Free Speech at a Cocktail Party
Yesterday, Dan posted a commenting policy for Concurring Opinions. Such things frequently bring forth muttered imprecations of speech control and the demise of the First Amendment. Of course the mutterers understand that Concurring Opinions, despite its obvious power and influence, is not a state actor, but still it seems like a public space. Shouldn’t we encourage the marketplace of ideas to let a thousand flowers bloom (to paraphrase Holmes and Mao)? Well no, not really.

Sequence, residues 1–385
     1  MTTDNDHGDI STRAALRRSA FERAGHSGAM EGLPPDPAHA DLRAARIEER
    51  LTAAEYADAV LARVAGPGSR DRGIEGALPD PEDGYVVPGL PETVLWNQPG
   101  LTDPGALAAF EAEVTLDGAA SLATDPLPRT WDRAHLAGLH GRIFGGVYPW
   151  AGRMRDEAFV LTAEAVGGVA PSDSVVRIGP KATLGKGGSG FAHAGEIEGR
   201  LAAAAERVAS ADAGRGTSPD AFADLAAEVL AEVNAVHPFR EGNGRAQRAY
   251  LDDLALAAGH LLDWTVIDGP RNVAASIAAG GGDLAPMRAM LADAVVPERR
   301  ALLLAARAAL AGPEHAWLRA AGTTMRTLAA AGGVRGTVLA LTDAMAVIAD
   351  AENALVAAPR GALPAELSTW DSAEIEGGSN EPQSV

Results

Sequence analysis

Implicit in this line of muttering is the notion that our blog ought to be thought of as a public space. It is certainly public in the sense of being widely visible. When I started blogging in 2002, I tended to think of controlling comments in terms of free speech. I did a lot of libertarian hand-wringing and soul-searching the first time I zapped a comment. I now feel no guilt. I’ve become convinced that the best blogs are not like a public forum. Rather, they are like a really good cocktail party in public. A cocktail party is not a public space, even when the cocktail party is held in public. Everyone realizes that you have the right to kick boors and party crashers out of your cocktail party. Likewise, everyone realizes that a cocktail party isn’t meant as a general invitation for the world to step up with a megaphone and spout off their opinions in your living room. This doesn’t mean that you necessarily want to actively exclude people from your cocktail party. If someone brings a friend you didn’t invite, there’s no problem so long as the friend isn’t a jerk or a dolt. Of course, Concurring Opinions is more open than most cocktail parties. You don’t need an invitation. We do, however, reserve the right to throw our drink in your face and ask you to leave if you actively disrupt the festivities.